The Footsteps of the Farmer are His Best Fertilizer
– by Colle and Phyllis Davis
Old Japanese proverb (modern translation): “The closer you are to your plants and animals each day, the easier it is to observe and respond to their needs.”
If you have raised children or lived on a farm, this wise proverb makes perfect sense.
The moral of the story is that when you are interacting with the food you are raising, you become very attuned to each plant and each animal and you are acutely aware of their needs on a daily basis. Then you can respond by providing them with exactly what they need to provide you with the finest food in the world. When you are in control of their world, you reap the benefits of your efforts.
In today’s modern (fast paced) urban life, the food that arrives at your table has been grown as quickly as possible to meet shipping requirements, then processed, packed, shipped, unpacked and sometimes processed again (repackaged, cooked and canned, or frozen) for your consumption. Many urban dwellers have no conception where their food comes from or how it arrives on their plate. Most don’t care and do not want to be bothered with knowing.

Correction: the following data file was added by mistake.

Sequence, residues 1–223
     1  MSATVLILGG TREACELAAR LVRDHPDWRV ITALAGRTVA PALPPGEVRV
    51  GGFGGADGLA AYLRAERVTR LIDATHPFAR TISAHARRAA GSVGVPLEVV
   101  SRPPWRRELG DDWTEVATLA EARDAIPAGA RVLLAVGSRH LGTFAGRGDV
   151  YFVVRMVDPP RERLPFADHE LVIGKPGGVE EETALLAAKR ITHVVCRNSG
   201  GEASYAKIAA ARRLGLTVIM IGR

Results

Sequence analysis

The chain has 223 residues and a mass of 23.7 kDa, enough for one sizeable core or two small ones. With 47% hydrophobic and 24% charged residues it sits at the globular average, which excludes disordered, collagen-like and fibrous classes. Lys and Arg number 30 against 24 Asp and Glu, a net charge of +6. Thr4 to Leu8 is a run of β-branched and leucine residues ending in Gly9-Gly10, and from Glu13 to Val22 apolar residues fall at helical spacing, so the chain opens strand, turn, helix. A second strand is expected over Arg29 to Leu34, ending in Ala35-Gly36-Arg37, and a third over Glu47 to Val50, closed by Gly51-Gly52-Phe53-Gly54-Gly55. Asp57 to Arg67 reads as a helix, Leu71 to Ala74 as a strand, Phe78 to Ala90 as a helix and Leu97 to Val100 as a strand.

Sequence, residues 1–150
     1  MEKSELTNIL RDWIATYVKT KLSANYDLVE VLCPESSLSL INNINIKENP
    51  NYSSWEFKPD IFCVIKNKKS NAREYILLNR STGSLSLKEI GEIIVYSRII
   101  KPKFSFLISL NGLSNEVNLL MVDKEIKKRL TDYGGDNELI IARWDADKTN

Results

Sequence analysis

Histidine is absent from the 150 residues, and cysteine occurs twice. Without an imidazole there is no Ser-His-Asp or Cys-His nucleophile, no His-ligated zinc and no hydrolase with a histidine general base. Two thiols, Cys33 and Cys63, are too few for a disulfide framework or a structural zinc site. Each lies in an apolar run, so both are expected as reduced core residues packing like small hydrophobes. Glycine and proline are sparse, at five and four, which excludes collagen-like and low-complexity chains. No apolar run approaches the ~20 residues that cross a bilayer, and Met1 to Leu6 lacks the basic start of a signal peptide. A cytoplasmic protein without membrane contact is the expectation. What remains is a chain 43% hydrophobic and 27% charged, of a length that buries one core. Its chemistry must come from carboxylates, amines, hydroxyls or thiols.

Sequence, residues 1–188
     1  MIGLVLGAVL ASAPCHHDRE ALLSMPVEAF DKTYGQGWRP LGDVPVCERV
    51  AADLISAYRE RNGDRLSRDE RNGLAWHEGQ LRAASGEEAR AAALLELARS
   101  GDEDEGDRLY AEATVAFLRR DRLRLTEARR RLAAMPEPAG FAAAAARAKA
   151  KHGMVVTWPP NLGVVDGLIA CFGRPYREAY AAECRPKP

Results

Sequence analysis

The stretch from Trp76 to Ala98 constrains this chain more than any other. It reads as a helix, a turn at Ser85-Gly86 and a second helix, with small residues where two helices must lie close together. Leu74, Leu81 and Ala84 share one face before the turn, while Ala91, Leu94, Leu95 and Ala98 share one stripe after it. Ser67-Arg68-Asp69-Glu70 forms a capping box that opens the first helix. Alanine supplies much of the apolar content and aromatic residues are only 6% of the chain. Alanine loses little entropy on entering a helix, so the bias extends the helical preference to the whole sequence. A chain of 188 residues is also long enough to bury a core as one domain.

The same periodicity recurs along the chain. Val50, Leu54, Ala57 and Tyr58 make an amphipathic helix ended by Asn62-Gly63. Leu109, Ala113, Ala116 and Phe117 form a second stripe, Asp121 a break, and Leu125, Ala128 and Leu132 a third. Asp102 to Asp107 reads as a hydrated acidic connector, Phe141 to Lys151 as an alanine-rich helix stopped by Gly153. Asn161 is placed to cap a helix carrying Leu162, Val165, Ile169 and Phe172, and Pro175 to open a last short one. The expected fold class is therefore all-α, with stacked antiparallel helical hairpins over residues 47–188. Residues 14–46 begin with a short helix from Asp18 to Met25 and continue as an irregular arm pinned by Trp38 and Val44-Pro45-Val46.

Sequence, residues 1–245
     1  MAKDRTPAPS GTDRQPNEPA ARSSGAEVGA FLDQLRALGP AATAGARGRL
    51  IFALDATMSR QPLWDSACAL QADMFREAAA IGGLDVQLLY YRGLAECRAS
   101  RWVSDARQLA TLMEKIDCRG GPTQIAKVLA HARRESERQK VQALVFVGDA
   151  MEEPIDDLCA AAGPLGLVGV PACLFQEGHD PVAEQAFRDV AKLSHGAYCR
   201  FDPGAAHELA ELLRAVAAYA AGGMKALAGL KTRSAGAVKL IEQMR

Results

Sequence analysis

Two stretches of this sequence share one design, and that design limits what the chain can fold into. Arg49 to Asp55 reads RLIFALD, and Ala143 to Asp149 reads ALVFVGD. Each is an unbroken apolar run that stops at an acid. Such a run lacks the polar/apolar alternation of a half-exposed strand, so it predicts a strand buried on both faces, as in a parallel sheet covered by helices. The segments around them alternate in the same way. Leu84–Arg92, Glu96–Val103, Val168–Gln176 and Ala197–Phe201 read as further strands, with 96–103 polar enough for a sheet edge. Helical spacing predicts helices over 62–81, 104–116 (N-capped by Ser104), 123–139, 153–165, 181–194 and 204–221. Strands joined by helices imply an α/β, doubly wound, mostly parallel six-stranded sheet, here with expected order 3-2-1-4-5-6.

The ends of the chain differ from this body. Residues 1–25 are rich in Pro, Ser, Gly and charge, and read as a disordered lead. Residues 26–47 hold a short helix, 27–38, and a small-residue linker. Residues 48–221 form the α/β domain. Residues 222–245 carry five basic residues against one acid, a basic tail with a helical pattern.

What about growing your own food? Even a tiny lettuce seed or tomato seed planted in sand in a coffee can is a start. The investment costs are negligible and the rewards are enormous. Expanding the idea a tiny bit by planting a window box or even a few seeds in a planter out on your patio. Oh, wait, winter is coming, how about planting some lettuce in a shallow tray placed in the window and turned every day. Do you have an aquarium? Use some of the fish water to water your tiny seedlings to create an open aquaponics system. Fish and plants separated and cared for by a human toting the water. The joy you will feel when you harvest your first plant is hard to describe.
That is a start. Next step is building a tiny aquaponics system using some grow lights. Now you are raising some of your own food. Proud barely covers your feelings when you sit down at your dining table to enjoy food grown by your own hands.